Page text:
Friday, March 21, 2008

Spring Cleaning For The Soul

Lots of people usher in spring by engaging in various chores. Some ferry loads of outdated or poor-fitting clothing to goodwill. Others pamper their vehicles with a thorough bath after a winter spent constantly doused with sleet and snow and exfoliated by salt and sand. Homebodies tackle renovation projects, while less ambitious types might scour through their cell phone's address books, shedding entries of people with whom they no longer communicate, no longer like, or no longer have the liberty of calling in light of a change in relationship status. Face the music, people, there's little to no justifiable reason to be harboring the digits of your old flames.

Yogis and other active types have plenty of spring cleaning options on and off the mat. Here are some of my favorite ways to cleanse your body, mind, and spirit in conjunction with the turn of the season.

Hit the steam room: Native American "sweat lodge" rituals equate a good sweat with clearing the body's physical and spiritual debris, and I tend to agree. Nothing kickstarts a cleansing period like a steam bath. Follow yours with LOTS of water and a healthy, clean, and uncomplicated meal.

Incorporate some twists: Twisting poses are known to rinse and relax the internal organs. They should be done on an empty stomach and only with the support of a long, straight spine. Try a few, each, of the supine, seated, and standing varieties. See which you like best.

Time for tea: Certain herbal and/or medicinal teas make effective detoxifying tonics. Drinking a cup, such as Yogi brand's peach detox, a couple hours before bed typically works best.

Detox your diet: There's a lot of hype in the yoga community about "cleanses." I do not recommend them. Too often, they are extreme diets dressed up in holistic garb. If you want to lose weight, cultivate a glow beneath your skin, and increase your energy level- you need a deliberate and healthful lifestyle, not a few days or weeks of deprivation and malnutrition.

Instead, I recommend eating nothing but (or, mostly) whole foods for 1-2 weeks (or longer, like the rest of your life, if you feel inclined). Stock up on veggies and fruit, and enjoy as much as you want. Eat carbs too- just make sure they contain whole grains. Think about any processes that your food underwent before arriving on your plate. If there's more than one perceivable pit stop (e.g. it was picked from a tree or laid by a chicken), then opt for something else with less of a sordid past. Steer clear of alcohol and refined sugars for a significant amount of time (or forever, if you're inclined). Ditch soda. Do not eat anything out of vending machine, served from a street cart, or originating from a package with an expiration date ending in a year that sounds like it could be the title of a science fiction thriller (ironically, that includes 2010, if you ask me).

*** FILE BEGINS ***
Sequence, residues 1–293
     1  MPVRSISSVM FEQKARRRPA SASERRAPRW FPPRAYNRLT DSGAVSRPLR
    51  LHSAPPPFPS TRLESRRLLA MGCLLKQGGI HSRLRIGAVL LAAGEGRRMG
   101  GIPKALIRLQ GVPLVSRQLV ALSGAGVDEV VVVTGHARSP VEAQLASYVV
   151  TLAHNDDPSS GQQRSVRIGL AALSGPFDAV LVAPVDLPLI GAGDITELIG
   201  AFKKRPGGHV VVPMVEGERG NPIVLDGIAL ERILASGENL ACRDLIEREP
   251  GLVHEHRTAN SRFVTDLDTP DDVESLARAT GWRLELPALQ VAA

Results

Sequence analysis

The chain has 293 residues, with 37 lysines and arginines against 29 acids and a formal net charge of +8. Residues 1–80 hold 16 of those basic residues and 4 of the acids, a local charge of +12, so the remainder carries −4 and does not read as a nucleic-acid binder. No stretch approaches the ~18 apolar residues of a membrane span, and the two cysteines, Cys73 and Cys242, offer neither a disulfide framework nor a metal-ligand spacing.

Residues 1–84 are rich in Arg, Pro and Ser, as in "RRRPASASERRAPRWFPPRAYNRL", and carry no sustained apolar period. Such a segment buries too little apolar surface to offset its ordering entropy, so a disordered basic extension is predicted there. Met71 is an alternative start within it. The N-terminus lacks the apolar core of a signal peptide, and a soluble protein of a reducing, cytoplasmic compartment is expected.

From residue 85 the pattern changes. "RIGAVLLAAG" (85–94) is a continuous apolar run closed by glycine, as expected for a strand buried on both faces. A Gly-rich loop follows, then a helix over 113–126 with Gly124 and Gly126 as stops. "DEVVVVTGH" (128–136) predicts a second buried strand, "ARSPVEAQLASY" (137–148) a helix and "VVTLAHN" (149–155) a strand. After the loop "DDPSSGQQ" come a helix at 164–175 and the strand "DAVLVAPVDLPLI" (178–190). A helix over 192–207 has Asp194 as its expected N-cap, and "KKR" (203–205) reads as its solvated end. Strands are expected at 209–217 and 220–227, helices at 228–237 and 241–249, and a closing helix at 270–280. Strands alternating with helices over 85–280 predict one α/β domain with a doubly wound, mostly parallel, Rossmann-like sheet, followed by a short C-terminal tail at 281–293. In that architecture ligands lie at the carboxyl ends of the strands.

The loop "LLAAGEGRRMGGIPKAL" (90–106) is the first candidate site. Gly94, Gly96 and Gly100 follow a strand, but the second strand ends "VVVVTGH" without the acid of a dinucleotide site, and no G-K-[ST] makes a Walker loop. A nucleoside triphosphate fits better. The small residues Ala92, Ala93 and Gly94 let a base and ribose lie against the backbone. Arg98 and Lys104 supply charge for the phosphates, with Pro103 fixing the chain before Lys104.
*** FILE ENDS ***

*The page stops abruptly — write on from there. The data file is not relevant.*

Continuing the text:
Hydrate: I'll cop to the occasional diet soda, post-workout fruit smoothie, or glass of wine when the mood strikes, but, in general, water and tea are my beverages of choice. Take this approach to thirst-quenching for 2 weeks or more. Your body and brain will thank you.

Karma yoga: This term refers to the yoga of serving others. Most of us could do more of it. In your own neighborhood and far beyond, there are plenty of children who need tutors, food pantries that need donations, and senior centers that need an infusion of energy and good cheer. Pick one. Volunteer. Feel the healing all around.

Meditate: I cannot stress this one enough. Sit down on a pillow or yoga block. Straighten your spine. Close your eyes. Breath steadily. Can't focus? Count your breaths, one by one. Still can't focus? Try again. This skill is unmatched in its ability to improve your life from the inside out. Be sure to set an alarm clock or egg timer in advance; nothing undermines a meditation session like peeking at the clock every 4 seconds. Start with 5 minutes. Do this morning and night, every day, for 2 weeks weeks.

Boycott frienemies & phonies: Ideally, you would only interact with positive influences who create joy and laughter in your life. In reality, you have relatives, in-laws, roommates, coworkers, etc. The point, here, is that you need to methodically carve out time to spend with people who recharge your energy stores, and steer clear of those who sap you. Abide by this rule for a suitable amount of time (a week or weekend, perhaps)- no obligatory coffee dates with Debbie Downer; skip brunch with your friend who talks shit about everyone, all the time, and definitely pass on drinks with your on-again-off-again romance.

Feed your mind: Pick up a book. Read it. Until the end. Repeat this step until you feel as though you've built up enough intellectual antibodies to face celebrity magazines and reality TV again.

Get outside: Thoreau famously said, "I went to the woods to live deliberately." I'm not suggesting you need to move into a log cabin, but you do need to deliberately connect to the Earth. Go for a hike. Sit on a jetty. Run along a river, through a park, or down a wooded trail. Even in cold temperatures and on rainy days, the brain and body thrive when disconnected from TV, the Internet, and a cell phone and connected to other living creatures, natural light, and fresh air.

Seek a sage: Spend time with someone who engages and excites you in a meaningful way- an elderly relative who soothes your weary soul, a friend who always makes you feel better after leaving his/her company, or, perhaps, a mentor who teaches you a skill such as chess or squash; talent, like playing the guitar; or way of life, like not gossiping or seeing the best in others. Self-improvement is something that serves us well in all seasons.

Happy spring!

1 comment:

Dish This! said...

thanks om gal!! I am very excited to do my "spring cleaning" now =)